LEAP: Guam Chamorros Among Biggest Groups Of Pacific Islanders In U.S.
Written by Jeff Marchesseault, Guam News Factor Staff Writer
Saturday, 07 November 2009 20:16
GUAM - According to a nonprofit organization dedicated to the advancement of Asian Pacific Americans, Chamorros are among the largest groups of Pacific Islanders inhabiting the United States. And Asian Pacific American (APA) buying power is skyrocketing. But APA's growing ability to purchase is lagging behind their representation in America's top corporate boardrooms.
Leadership Education for Asian Pacifics, Inc. (LEAP) has released the findings of a recent report that made these determinations. An official news release from the nonprofit is attached, below.
Asian Pacific Americans Remain Absent from Corporate Boardrooms, Says LEAP's Report
76% of Fortune 100 Companies Lack Asian Pacific American Representation on Their Boards
Washington, D.C. (BusinessWire) November 06, 2009 01:25 PM Eastern Time -- Leadership Education for Asian Pacifics, Inc. (LEAP) unveils the findings of its 2009 Corporate Governance Report measuring Asian Pacific American (APA) inclusion on the boards of Fortune 100 companies.
"Despite social, business and economic rise, Asian Pacific Americans remain absent from corporate boardrooms," said J.D. Hokoyama, LEAP's President and CEO. "This is an issue we hope to address fully in 2010 as part of our long-term strategy on research of APA representation in top leadership roles in the public, private, foundation, education and nonprofit sectors."
In 2009, 23 Asian Pacific Americans held just 27 board seats at 24 companies in the Fortune 100. APAs constitute over 5% of the US population and more than $500 billion in purchasing power.
There are 23 APAs that hold 27 board seats at 24 Fortune 100 companies.
The 27 board seats represent 2.2% of the total 1,220 board seats in the Fortune 100.
The breakdown of these APA board of directors by ethnic group is as follows: Asian Indian (13), Chinese (6), Japanese (2), Filipino (1) and Vietnamese (1).
Five (21.7%) out of the 23 APA directors are women.
Four board members sit on more than one Fortune 100 board: John S. Chen, Rajat K. Gupta, Andrea Jung and Marissa T. Peterson.
Seven APA directors served as (vice) chair, (co) president and/or (co) chief executive officer of a Fortune 500 company in 2009.
Three Fortune 100 companies have more than one APA director on their boards: Goldman Sachs, PepsiCo and Best Buy.
The 24 Fortune 100 companies with APA representation on their boards are: General Electric, Hewlett-Packard, Citigroup, IBM, Procter & Gamble, Morgan Stanley, Dell, MetLife, Goldman Sachs, Wells Fargo, Safeway, Supervalu, PepsiCo, Kraft Foods, Best Buy, Cisco Systems, Walt Disney, News Corp., Apple, Motorola, Prudential, Humana, Deere and Alcoa (listed in order of revenue ranking in Fortune magazine).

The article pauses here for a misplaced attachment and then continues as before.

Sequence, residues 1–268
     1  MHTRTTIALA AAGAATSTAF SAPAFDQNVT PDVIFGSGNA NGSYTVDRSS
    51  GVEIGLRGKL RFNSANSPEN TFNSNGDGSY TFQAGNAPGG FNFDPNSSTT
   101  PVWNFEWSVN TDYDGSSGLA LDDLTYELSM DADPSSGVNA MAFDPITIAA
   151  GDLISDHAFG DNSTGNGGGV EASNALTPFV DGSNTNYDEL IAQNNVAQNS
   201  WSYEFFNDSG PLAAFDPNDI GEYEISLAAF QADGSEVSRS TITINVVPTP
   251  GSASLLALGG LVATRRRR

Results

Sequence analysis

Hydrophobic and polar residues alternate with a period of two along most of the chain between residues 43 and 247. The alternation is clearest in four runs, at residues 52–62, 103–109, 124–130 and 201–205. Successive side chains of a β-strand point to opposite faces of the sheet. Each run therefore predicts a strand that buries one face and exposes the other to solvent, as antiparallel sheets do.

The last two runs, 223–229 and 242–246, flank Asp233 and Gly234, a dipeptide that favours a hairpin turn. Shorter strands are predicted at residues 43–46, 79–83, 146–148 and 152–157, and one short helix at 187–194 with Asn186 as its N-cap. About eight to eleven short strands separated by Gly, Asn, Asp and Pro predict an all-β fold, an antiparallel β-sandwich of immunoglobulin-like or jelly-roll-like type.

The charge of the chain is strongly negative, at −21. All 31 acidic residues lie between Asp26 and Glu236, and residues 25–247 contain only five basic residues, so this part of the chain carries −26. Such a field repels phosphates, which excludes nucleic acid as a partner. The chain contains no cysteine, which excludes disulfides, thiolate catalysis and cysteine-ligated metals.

About Asian Pacific Americans (APAs):
There are several terms that are used interchangeably referring to this community: Asian, Asian American, Asian Pacific Islander and Asian Pacific American, to name a few. There are two major groups that comprise the community: Asian and Native Hawaiian or Pacific Islander. The US Census Bureau defines the Asian category as "a person having origins in any of the original peoples of the Far East, Southeast Asia, or the Indian subcontinent", which includes over 20 ethnic groups. The Native Hawaiian or other Pacific Islander category is defined as "a person having origins in any of the original peoples of Hawaii, Guam, Samoa, or other Pacific Islands."
People of Asian and Pacific Islander descent make up more than half the world's population and more than 5 percent (16.2 million) of the total US population making it one of the fastest-growing groups in the United States. According to the US Census Bureau's 2007 American Community Survey, the largest Asian groups in the US include: Chinese (23.28%), Filipino (20.06%), Asian Indian (18.22%), Vietnamese (10.78%), Korean (10.13%) and Japanese (8.02%). Native Hawaiian, Samoan and Chamorro (Guamanian) are the largest Pacific Islander groups in the country.
The Selig Center for Economic Growth at The University of Georgia, Terry College of Business projects Asian Pacific American buying power will more than quintuple, climbing from $116 billion in 1990 to $509 billion in 2008 and to $752 billion in 2013. The 337 percent gain from 1990 through 2008 is substantially greater than the increases in buying power projected for whites (139 percent), the US as a whole (151 percent), blacks (187 percent) and Native Americans (213 percent). Currently, the Asian Pacific American market already outshines the entire economies of all but seventeen countries-it is smaller than the 2007 GDP of Turkey but larger than the GDP of Sweden.
Leadership Education for Asian Pacifics, Inc. (LEAP) is a national organization founded in 1982 with a mission to achieve full participation and equality for Asian Pacific Americans through leadership, empowerment and policy. With original programs in leadership training, public policy research and community education, LEAP raises the impact and visibility of Asian Pacific Americans in all sectors. LEAP is headquartered in Los Angeles and has an office in Washington, DC.
Under its leadership research initiative, LEAP will produce a series of research reports to evaluate APA representation at the highest levels of the American workplace in Corporations, Foundations, Nonprofits, Higher Education and the Federal government. This baseline research will be used to measure APA representation in leadership roles.